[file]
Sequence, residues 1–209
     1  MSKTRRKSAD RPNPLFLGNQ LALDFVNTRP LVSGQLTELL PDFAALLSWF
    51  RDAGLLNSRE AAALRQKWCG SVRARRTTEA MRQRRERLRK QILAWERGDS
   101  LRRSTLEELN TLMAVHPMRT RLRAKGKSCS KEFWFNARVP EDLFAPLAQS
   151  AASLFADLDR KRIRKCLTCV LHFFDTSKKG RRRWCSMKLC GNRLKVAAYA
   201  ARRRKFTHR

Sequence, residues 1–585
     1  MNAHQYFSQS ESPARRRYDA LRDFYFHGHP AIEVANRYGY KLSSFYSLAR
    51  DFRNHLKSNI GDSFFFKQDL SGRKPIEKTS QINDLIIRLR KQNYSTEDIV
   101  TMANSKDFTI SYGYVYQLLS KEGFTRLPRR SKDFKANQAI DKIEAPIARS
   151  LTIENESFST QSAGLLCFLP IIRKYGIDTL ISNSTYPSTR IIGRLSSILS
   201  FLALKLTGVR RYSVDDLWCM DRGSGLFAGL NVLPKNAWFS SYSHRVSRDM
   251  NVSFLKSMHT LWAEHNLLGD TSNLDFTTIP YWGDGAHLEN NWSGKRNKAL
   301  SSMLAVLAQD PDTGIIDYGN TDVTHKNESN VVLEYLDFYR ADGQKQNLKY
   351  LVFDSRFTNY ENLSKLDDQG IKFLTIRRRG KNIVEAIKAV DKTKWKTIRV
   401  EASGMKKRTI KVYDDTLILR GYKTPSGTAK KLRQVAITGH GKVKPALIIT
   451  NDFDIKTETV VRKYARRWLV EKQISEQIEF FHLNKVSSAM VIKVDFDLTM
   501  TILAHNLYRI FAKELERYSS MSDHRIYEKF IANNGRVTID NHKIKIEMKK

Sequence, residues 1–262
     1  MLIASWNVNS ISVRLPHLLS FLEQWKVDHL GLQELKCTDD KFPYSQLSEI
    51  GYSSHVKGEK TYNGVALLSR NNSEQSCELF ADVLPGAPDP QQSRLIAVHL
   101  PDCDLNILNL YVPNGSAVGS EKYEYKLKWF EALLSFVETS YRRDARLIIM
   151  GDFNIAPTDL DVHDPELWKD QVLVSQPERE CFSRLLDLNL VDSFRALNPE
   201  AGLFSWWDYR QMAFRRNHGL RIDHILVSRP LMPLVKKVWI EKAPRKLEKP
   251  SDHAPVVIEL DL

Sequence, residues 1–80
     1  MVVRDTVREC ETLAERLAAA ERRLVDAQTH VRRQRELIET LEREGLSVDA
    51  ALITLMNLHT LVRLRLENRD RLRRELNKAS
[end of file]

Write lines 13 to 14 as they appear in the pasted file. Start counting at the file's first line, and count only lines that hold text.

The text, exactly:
   251  NVSFLKSMHT LWAEHNLLGD TSNLDFTTIP YWGDGAHLEN NWSGKRNKAL
   301  SSMLAVLAQD PDTGIIDYGN TDVTHKNESN VVLEYLDFYR ADGQKQNLKY